U.S. District Judge States Social Security Card Might Not Be Legal ID In Pilgrims Pride Immigration Case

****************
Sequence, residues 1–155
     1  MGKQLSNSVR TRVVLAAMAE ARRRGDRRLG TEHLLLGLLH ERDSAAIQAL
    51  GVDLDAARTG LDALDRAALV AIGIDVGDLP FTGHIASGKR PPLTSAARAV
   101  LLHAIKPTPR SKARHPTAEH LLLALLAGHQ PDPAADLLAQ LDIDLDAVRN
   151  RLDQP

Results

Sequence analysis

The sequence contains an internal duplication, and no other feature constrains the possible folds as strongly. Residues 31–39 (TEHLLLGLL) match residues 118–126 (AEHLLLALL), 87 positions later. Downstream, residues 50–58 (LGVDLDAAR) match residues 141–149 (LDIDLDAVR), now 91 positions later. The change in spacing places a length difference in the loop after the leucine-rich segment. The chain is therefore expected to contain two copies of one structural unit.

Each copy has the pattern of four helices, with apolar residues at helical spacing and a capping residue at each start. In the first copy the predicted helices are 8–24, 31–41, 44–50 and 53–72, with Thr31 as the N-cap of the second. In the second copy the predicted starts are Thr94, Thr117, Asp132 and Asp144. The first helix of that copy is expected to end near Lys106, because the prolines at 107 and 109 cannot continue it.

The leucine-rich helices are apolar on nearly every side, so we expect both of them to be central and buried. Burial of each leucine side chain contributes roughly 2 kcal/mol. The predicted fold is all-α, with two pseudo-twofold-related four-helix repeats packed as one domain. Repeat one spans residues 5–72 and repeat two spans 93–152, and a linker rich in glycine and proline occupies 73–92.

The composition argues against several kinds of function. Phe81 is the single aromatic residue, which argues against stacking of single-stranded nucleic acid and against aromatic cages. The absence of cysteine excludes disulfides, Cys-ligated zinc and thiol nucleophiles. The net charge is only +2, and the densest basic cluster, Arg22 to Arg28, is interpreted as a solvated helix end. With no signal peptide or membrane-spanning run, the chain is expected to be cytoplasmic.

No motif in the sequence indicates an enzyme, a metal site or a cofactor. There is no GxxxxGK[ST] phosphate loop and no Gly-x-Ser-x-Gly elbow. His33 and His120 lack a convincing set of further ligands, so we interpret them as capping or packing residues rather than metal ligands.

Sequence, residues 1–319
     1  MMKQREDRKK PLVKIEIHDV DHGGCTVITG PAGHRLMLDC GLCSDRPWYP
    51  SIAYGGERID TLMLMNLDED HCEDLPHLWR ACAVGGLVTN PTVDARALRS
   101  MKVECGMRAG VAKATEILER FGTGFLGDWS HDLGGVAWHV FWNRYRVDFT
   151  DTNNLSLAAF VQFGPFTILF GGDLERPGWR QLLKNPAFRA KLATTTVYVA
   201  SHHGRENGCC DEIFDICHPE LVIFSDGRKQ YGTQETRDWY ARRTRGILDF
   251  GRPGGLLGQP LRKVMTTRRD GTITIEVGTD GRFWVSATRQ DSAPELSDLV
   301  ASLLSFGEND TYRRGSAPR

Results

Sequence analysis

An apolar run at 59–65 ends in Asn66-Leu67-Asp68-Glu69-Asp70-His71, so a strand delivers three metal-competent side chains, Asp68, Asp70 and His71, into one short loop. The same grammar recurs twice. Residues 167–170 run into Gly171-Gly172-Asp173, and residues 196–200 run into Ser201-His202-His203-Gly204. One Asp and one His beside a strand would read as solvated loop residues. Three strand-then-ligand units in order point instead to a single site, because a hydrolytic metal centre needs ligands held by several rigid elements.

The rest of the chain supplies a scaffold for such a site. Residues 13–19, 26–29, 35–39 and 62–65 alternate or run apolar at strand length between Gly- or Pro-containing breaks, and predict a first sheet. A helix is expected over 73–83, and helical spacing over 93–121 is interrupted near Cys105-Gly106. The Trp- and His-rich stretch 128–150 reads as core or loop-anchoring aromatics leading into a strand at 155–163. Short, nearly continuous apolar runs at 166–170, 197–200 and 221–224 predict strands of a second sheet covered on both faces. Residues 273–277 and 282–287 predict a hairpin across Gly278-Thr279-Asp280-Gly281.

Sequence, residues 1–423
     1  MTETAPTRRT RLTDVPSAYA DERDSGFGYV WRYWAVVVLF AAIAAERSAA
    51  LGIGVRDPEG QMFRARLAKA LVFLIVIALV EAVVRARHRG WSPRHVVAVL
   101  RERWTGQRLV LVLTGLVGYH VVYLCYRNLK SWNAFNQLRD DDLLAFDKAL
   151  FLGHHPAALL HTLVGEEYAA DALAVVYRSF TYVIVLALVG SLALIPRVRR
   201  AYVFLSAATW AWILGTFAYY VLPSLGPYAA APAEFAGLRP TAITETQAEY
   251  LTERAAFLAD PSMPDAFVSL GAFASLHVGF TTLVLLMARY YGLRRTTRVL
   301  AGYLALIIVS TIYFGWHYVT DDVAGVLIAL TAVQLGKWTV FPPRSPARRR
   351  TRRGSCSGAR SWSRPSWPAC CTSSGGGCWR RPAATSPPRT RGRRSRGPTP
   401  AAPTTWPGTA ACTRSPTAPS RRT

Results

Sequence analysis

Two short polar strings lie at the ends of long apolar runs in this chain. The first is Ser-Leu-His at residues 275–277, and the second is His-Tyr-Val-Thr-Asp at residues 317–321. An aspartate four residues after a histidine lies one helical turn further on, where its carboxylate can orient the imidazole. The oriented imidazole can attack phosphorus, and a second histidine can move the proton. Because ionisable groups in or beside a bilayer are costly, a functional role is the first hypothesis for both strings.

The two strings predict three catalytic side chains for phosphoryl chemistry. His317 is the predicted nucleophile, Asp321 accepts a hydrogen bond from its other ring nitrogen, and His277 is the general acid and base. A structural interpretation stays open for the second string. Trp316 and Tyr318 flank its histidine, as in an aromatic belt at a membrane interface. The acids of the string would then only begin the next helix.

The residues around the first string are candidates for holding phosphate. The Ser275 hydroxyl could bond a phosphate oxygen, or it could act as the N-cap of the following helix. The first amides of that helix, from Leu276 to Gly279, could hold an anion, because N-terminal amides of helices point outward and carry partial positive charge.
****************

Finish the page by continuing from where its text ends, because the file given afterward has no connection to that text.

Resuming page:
On July 7, 2008, the Chattanooga Times/Free, reported that “a federal judge has suggested that when two men used false Social Security cards to gain employment at the local Pilgrim's Pride plant, they might not have technically broken the law.” Further, the Chattanooga Times/Free goes on to state that “U.S. District Judge Harry S. Mattice’s revelation that Social Security cards are not necessarily valid forms of identification, however, sent the defense back to the drawing board with no complaints from the federal government. Judge Mattice recalled a 2003 case in which the government prosecuted Tyson Foods for hiring illegal immigrants. In that case, U.S. District Judge R. Allan Edgar dismissed certain charges with regard to the use of a Social Security card, ruling that a certain section of U.S. immigration law does not list the document as a valid form of I.D. ‘This is an issue that will have to be decided by a higher court,’ Judge Mattice said. ‘I'm not sure you can base this charge on a false Social Security card.’ ” Although it is too early to tell, if Federal District Judge Mattice’s conclusions were to be upheld in the end by a higher court, this could impose a significant roadblock for I-9 enforcement.